Scott and Barnett have packed a lot of detail into a fairly slim volume. They outline a plethora of political agendas held by a wealth of different factions. Each person, each location, is described in clear, crisp detail, providing a vividly complete picture of Astreiant. We learn about the clothing, architecture, and economy of the city through flashes of description. Tidbits of local history and hints of other stories flow throughout. At the same time, the authors explore in great depth the inner workings of a theatre. They describe the creation of elaborate set pieces and the working of mechanical effects machines. They show us the playwright and actors at work in preparation for the performance, and they even help us to understand the trepidation and excitement of a first time player.
Point of Dreams is at times a fantasy of manners, at other times a mystery, at yet other times a swashbuckler, and yet still poetic through it all. Indeed, the setting of the theatre, where much of the key action occurs, brings a lofty, almost Shakespearian sense to the whole piece. They've done a grand job putting together numerous stories-within-stories so that the pieces form a whole that is greater than the sum of its parts. None of the settings or details seems out of place, and it's clear that they have done their research on everything from clothing to set design to theatre machinery to food.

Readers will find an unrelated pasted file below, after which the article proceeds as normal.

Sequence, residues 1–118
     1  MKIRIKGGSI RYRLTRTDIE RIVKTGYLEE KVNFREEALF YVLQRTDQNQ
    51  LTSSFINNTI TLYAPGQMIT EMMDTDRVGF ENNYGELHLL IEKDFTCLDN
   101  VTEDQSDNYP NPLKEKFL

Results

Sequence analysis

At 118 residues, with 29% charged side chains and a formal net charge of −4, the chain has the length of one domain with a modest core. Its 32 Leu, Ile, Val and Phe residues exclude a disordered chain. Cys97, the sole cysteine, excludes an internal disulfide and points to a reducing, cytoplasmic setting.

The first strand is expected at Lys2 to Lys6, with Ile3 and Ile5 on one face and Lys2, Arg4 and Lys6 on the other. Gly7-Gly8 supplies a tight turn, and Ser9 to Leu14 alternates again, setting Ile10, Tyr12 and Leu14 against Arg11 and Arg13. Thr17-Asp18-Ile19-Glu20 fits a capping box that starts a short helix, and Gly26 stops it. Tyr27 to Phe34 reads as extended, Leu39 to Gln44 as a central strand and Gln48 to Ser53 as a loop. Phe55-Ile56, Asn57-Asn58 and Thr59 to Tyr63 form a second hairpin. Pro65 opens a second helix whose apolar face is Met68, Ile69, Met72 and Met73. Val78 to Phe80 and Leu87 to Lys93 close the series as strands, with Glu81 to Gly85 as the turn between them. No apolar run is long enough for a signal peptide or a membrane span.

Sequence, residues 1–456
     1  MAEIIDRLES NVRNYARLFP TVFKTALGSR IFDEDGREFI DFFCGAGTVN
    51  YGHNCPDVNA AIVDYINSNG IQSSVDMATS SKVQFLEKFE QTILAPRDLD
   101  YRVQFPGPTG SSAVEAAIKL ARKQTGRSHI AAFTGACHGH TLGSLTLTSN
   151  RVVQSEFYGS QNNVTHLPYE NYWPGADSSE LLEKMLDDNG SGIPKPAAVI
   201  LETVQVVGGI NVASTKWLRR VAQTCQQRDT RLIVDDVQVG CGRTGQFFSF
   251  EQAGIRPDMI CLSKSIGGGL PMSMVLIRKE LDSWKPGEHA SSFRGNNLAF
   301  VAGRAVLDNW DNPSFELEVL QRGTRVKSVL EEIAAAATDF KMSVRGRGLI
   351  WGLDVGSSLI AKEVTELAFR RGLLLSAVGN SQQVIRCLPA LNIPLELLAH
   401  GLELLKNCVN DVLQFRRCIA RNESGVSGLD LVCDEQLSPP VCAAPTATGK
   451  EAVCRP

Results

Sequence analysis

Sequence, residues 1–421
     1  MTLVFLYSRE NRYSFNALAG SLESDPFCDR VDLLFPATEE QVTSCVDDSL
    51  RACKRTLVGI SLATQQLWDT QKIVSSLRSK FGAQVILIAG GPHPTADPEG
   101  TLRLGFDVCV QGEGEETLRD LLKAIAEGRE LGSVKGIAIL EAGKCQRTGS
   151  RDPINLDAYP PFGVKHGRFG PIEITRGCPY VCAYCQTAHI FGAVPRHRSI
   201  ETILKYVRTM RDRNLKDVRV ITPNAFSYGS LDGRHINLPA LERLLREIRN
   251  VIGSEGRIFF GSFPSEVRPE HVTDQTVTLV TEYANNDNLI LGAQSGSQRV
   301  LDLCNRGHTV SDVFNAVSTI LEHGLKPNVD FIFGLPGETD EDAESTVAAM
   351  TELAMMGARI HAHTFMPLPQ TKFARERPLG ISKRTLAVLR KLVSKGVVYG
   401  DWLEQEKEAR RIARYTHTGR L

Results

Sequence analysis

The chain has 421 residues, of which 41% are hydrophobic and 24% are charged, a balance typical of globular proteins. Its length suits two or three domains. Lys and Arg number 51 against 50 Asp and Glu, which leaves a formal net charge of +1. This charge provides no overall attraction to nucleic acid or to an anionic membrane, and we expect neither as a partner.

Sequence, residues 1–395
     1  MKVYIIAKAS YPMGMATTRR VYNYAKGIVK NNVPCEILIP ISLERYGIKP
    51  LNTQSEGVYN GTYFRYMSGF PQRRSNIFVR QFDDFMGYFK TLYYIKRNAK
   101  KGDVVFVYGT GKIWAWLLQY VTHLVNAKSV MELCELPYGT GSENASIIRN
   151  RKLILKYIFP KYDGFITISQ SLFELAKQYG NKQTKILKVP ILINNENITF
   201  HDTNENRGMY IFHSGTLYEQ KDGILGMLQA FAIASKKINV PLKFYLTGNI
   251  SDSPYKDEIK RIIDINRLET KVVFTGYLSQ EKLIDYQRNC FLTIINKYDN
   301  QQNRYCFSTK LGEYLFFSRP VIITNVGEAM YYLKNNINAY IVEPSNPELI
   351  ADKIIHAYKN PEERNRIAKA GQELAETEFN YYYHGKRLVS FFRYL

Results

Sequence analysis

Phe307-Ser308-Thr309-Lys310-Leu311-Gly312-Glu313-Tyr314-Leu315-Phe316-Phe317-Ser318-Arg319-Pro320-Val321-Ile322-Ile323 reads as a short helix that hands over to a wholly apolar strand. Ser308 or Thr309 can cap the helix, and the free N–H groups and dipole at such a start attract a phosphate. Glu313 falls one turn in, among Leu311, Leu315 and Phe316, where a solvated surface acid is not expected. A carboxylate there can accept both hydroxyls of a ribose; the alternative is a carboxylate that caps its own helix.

What I found particularly fascinating about Point of Dreams was its use of an altogether original system of magic. The validity of both the science of astrology and the art of necromancy, which was established in Point of Hopes, has been a magical staple in many other fantasy worlds. What Scott and Barnett have added in Point of Dreams, and what they have built much of their story around, is the art of phytomancy: magic through particular arrangement of flowers. An ancient, reputedly magical, tome called the Alphabet of Desire is at the heart of the action in Point of Dreams. The Alphabet is a combination magical recipe book and book of tales. Particular arrangements of flowers with the power to cause some particular effects are described beside some tale of love or loss. The book, and the magical recipes it contains, are the driving force behind everything we see. The villain uses it to concoct his magic, the playwright who has written the masque has used it as the basis of his play, and the city's masses are snatching up copies of fake Alphabets by the thousands. It would seem such a simple thing to defeat, but our heroes learn that the potency of this magic is such that the wanton destruction of an arrangement can cause just as much damage as the originally intended spell. I've never before seen the use of flowers, particularly the arrangement of flowers, as a tool for magic, and the development of this utterly original concept is to be loudly applauded.